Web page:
Bug #63549

Kernel crash with reboot when writing to pool

Added by Uli Menzebach over 1 year ago. Updated over 1 year ago.

No priority
Alexander Motin
Target version:
Seen in:
Reason for Closing:
Not Applicable
Reason for Blocked:
Needs QA:
Needs Doc:
Needs Merging:
Needs Automation:
Support Suite Ticket:
Hardware Configuration:
ChangeLog Required:


I have an external USB disk containing a ZFS pool formerly written to with FreeNAS 11.2
My plan was to restore a dataset plus snapshots from this temporarily connected pool "rm-bu2"
The pool import via
zpool import rm-bu2
The command I issued for restore was :
zfs send -R |pv -r| zfs recv -e data/backups
After some minutes, the pv output stopped and the machine rebooted.
This is not the first time there were instabilities, but I attributed those to an old Avago controller. Currently I am using the onboard SATA connectors of the
Supermicro X11SSH-CTF Motherboard, the 64GB RAM are ECC RAM that passed several days of burn-in via memtest86.
There have been similar crashes while copying data to the pool via NFSv3.

Debug info is attached, please let me know if more info is needed,

Many thanks,



#1 Updated by Uli Menzebach over 1 year ago

  • File debug-rmnas2-20181211215638.txz added
  • Private changed from No to Yes

#2 Updated by Dru Lavigne over 1 year ago

  • Assignee changed from Release Council to Alexander Motin

#3 Updated by Alexander Motin over 1 year ago

  • Status changed from Unscreened to Blocked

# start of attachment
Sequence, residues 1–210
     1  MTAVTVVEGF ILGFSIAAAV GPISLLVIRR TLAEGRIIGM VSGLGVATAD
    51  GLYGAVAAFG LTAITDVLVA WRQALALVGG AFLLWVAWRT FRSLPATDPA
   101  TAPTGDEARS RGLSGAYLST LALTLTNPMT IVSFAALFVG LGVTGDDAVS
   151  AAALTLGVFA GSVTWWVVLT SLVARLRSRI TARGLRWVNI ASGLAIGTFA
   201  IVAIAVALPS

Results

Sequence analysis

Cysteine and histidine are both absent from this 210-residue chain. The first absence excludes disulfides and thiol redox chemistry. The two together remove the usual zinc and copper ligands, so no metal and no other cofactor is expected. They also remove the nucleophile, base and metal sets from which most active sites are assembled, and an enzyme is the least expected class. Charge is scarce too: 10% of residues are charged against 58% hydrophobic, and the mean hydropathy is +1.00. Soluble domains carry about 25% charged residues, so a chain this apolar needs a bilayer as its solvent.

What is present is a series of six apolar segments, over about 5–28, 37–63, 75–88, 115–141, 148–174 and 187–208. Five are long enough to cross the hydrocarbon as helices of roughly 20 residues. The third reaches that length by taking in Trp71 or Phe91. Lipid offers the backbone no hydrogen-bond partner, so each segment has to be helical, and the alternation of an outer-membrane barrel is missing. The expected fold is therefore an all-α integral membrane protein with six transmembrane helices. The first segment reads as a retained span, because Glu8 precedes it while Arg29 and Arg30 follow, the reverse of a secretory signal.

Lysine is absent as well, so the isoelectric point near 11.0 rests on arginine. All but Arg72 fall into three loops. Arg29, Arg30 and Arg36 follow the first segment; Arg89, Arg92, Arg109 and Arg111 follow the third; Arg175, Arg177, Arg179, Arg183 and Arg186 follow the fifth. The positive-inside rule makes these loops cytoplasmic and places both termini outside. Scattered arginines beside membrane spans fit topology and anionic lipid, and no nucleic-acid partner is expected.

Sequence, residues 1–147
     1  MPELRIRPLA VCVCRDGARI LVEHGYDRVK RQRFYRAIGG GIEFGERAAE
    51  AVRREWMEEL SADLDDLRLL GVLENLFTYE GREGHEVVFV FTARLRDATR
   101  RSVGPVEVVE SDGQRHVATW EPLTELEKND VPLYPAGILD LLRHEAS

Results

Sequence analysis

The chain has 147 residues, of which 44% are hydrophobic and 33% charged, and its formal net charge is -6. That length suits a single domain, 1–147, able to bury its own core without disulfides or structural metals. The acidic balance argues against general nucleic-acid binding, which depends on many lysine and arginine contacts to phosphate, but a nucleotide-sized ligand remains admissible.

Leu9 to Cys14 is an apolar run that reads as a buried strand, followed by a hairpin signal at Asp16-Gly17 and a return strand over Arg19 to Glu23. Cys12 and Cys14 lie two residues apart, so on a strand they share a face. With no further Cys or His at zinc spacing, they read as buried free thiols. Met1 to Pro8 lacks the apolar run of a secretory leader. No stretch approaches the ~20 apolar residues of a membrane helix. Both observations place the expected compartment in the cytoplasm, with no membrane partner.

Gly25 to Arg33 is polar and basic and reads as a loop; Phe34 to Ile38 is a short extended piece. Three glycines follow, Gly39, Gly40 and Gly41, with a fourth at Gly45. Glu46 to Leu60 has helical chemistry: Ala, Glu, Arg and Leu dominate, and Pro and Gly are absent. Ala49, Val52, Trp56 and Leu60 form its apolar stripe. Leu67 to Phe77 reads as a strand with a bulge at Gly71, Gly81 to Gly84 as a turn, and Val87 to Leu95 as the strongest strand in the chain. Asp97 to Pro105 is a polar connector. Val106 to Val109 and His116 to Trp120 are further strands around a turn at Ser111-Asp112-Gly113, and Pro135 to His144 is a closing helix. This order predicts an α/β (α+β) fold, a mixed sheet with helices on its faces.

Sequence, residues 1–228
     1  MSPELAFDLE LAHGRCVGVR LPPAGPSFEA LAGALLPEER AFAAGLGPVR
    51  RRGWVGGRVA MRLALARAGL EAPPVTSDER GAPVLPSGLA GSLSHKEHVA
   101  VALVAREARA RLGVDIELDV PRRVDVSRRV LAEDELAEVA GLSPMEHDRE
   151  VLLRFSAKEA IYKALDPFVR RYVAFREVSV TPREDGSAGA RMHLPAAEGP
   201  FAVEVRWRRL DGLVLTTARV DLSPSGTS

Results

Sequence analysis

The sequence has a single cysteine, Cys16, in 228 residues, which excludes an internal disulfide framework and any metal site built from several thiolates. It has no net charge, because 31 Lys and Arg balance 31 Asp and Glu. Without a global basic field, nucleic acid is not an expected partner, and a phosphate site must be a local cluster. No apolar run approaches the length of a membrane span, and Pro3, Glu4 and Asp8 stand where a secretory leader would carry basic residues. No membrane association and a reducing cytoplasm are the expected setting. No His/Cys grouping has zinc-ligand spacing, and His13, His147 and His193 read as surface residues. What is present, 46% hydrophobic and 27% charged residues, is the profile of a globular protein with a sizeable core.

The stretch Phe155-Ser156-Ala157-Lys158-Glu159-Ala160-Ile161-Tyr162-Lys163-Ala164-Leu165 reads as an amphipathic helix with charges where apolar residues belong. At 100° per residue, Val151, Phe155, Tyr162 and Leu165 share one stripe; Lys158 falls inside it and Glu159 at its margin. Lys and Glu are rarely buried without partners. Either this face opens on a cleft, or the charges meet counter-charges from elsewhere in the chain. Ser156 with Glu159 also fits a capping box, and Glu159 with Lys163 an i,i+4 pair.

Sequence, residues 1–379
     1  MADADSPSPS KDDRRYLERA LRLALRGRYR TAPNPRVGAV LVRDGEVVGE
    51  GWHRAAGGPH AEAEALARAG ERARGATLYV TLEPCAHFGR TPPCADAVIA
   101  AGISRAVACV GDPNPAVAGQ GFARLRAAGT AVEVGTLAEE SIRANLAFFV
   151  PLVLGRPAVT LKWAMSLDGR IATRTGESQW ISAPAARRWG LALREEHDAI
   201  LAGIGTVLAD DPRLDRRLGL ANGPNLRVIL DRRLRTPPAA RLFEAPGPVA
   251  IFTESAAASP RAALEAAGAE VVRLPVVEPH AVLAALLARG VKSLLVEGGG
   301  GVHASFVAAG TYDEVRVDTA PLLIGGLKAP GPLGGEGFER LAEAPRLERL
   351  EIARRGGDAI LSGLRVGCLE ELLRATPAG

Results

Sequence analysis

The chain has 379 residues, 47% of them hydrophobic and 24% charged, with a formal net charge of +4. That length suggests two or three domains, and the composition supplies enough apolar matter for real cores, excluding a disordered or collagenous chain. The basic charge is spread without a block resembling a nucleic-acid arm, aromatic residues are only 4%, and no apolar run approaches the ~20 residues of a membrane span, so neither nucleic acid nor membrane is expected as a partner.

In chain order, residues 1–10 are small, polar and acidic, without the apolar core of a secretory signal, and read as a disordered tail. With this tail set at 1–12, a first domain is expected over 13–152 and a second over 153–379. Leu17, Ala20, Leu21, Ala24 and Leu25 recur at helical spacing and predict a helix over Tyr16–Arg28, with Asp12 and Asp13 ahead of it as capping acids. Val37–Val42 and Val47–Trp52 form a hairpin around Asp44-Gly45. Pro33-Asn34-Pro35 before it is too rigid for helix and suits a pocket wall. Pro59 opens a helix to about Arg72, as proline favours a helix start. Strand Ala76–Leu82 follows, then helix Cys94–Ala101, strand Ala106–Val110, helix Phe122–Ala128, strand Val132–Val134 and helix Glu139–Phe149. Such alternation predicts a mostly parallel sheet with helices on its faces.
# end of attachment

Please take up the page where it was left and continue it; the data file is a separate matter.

• Reason for Blocked set to Need additional information from Author

There is obviously something wrong with your system. In provided debug I see 5 core dumps within the last month, all different. Plus I see two more resets by watchdog timer, that may mean OS not being responsive there. Unfortunately all symptoms are so different that they don't point any specific direction for me. The latest panic on December 11th looked like this:

panic: Memory modified after free 0xfffff80a0ee65000(4096) val=deadc09e @ 0xfffff80a0ee65a38                                            

cpuid = 2                                                                                                                               
KDB: stack backtrace:                                                                                                                   
db_trace_self_wrapper() at db_trace_self_wrapper+0x2b/frame 0xfffffe14a76e5650                                                          
vpanic() at vpanic+0x177/frame 0xfffffe14a76e56b0                                                                                       
panic() at panic+0x43/frame 0xfffffe14a76e5710                                                                                          
trash_ctor() at trash_ctor+0x4c/frame 0xfffffe14a76e5720                                                                                
uma_zalloc_arg() at uma_zalloc_arg+0x553/frame 0xfffffe14a76e5780                                                                       
abd_alloc() at abd_alloc+0x142/frame 0xfffffe14a76e57d0                                                                                 
arc_hdr_alloc_pabd() at arc_hdr_alloc_pabd+0x157/frame 0xfffffe14a76e5800                                                               
arc_write_ready() at arc_write_ready+0x463/frame 0xfffffe14a76e5850                                                                     
zio_ready() at zio_ready+0xdf/frame 0xfffffe14a76e5890                                                                                  
zio_execute() at zio_execute+0x18c/frame 0xfffffe14a76e58e0                                                                             
taskqueue_run_locked() at taskqueue_run_locked+0x14c/frame 0xfffffe14a76e5940